Flowmaster’s Scavenger Series Elite long-tubes are designed for musclecar owners whose main concern is maximum power. Along with the 16-gauge construction, ceramic coating, and velocity spike, the long-tubes are built using hefty 1-5/8-inch, 1-3/4-inch, or 2-inch primaries. Many models also have Flowmaster’s 3-inch gasket-less ball-socket collector flanges, and as a nice bonus Flowmaster includes the reducer side of the connector as well. That makes for at least one less part for you to chase down before you can finish your install and hit the road. All you need is to install your headers, cut your existing exhaust, and weld it up to the flanges, bolt it up and be on your way.
CARB Certified Short-Tubes
There’s no getting around it. Emissions compliance is a very important consideration for owners of modern musclecars. For those who want more power but still want to keep their new ride emissions legal, Flowmaster also offers CARB certified 50-state legal shorties for many applications. Flowmaster’s shorties are direct replacements for restrictive exhaust manifolds, and bolt directly to your stock exhaust system.
To get a CARB Certification, an aftermarket header cannot physically move any of the emissions equipment on the car. That means that header manufacturers cannot change the location of the catalytic converter on the car. “The outlet of the new header design has to be in the exact same place as the stock manifold,” says Thomas. “You have to work forward of that to design a set of shorties.”
Even so, every set of Flowmaster short-tubes have the same features and construction as the long-tubes, including the velocity spike, 3/8-inch and laser cut flanges, and mandrel bent primary tubes. “We’ve seen some impressive gains from the short-tube headers,” says Thomas. “Especially when you consider that you can install them yourself in just a few hours and bolt them right up to your existing exhaust.”
Fox Body Mustang Flowmaster Shortie Install
We installed a set of Flowmaster’s direct-fit Scavenger Series shorties (Part #814221) on one of our resident beasts of burden – a 1992 Fox Body Mustang. The car is still equipped with it’s original 42,000 mile 5.0L, but has been upgraded with an array of bolt-ons that include a Vortec T-Trim supercharger and a full Flowmaster 2.5-inch American Thunder exhaust system. The Mustang was originally a drag car that went as quick as 10.60 in the quarter, but we’ve recently been converting for road racing, complete with a Maximum Motorsports Grip Box suspension set up and a new Tremec T-56 Magnum 6-speed trans.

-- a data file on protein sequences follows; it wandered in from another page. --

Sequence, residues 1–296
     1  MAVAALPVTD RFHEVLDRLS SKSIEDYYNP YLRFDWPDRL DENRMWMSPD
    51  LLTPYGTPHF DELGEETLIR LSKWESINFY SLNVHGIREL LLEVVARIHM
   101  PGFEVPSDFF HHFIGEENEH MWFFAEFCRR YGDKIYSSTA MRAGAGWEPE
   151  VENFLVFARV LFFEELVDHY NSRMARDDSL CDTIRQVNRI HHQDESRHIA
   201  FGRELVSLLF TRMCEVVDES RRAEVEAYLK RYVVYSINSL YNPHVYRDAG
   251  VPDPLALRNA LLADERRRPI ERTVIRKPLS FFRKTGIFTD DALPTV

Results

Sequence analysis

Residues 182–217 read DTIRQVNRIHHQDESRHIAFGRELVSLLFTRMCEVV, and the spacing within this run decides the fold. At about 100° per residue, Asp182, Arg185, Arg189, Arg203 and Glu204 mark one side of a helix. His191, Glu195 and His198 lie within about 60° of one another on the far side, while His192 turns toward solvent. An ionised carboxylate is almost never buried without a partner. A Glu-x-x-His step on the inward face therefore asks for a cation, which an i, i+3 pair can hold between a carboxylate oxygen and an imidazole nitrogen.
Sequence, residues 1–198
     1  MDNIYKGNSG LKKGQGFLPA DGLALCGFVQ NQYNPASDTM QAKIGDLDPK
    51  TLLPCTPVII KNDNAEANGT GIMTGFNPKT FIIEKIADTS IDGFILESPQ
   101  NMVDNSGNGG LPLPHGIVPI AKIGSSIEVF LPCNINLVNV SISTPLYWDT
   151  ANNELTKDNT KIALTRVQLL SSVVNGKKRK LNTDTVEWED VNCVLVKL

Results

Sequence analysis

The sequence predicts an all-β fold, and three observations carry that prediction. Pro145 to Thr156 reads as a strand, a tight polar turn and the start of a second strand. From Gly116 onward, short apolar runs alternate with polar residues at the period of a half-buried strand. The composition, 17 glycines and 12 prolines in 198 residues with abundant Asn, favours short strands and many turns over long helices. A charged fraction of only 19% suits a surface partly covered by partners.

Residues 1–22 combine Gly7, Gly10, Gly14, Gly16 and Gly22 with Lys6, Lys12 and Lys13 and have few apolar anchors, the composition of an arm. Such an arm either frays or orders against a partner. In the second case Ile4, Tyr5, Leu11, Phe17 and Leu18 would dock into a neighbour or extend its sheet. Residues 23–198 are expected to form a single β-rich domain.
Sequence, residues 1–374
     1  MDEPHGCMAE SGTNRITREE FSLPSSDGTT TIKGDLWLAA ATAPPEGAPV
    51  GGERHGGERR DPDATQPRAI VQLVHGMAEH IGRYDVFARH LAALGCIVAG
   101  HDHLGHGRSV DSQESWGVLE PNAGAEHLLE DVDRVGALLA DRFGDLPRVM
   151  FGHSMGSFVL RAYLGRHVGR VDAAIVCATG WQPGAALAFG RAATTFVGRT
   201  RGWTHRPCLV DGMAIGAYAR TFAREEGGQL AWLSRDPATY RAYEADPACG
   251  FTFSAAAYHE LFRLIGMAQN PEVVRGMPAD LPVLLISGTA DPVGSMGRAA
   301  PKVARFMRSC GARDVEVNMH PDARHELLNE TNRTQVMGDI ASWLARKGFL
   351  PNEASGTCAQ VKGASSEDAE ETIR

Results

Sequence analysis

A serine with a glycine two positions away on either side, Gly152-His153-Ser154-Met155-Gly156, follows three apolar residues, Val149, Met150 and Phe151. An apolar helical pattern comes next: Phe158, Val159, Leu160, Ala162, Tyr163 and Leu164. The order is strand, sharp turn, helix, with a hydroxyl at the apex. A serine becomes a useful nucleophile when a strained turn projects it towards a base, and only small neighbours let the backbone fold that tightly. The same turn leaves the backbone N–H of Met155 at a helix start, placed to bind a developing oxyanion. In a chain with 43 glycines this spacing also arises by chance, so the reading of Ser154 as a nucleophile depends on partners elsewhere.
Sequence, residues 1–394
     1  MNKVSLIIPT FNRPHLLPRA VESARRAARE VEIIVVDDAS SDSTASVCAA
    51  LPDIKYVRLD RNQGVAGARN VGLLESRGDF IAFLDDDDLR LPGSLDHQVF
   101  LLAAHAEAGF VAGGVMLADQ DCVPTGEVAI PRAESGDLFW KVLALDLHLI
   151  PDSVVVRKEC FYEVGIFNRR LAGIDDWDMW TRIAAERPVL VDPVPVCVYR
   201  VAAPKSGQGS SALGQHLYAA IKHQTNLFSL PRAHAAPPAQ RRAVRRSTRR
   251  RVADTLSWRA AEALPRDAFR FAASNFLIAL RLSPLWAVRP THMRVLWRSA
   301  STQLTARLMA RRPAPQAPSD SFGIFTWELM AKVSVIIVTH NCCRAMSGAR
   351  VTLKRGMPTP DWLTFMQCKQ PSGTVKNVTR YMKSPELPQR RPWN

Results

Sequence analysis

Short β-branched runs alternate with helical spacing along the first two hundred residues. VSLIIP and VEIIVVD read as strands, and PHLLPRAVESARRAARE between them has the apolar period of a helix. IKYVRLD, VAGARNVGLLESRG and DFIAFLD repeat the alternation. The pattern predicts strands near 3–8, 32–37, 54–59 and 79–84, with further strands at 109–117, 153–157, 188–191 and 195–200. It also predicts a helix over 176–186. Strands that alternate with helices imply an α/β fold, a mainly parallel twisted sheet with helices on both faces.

The Flowmaster shorties dropped right into place in the Mustang’s tight engine compartment and easily cleared all of the factory brackets, suspension, and steering components with no problem. Unlike some other header installs, we didn’t have to modify the Flowmaster Scavenger Series shorites to make them fit.
The collector flanges mated right up to the Flowmaster American Thunder exhaust downpipes, and the included hardware and correct gaskets just made things go even smoother.
We know the added power from the velocity spike and larger primaries, along with the reduced underhood temps from the thick stainless and ceramic coating, will both pay dividends on the Mustang long into the future. Overall, we were pleased with the final product.
The Final Gear…
Flowmaster’s experience in the performance exhaust aftermarket is evident in the Scavenger Series Elite Headers. They aren’t cheaply built headers, but that’s the point. You’re still getting a lot for the money with these headers considering they are coated and stainless steel – along with the power adding features that are usually only found on more expensive headers.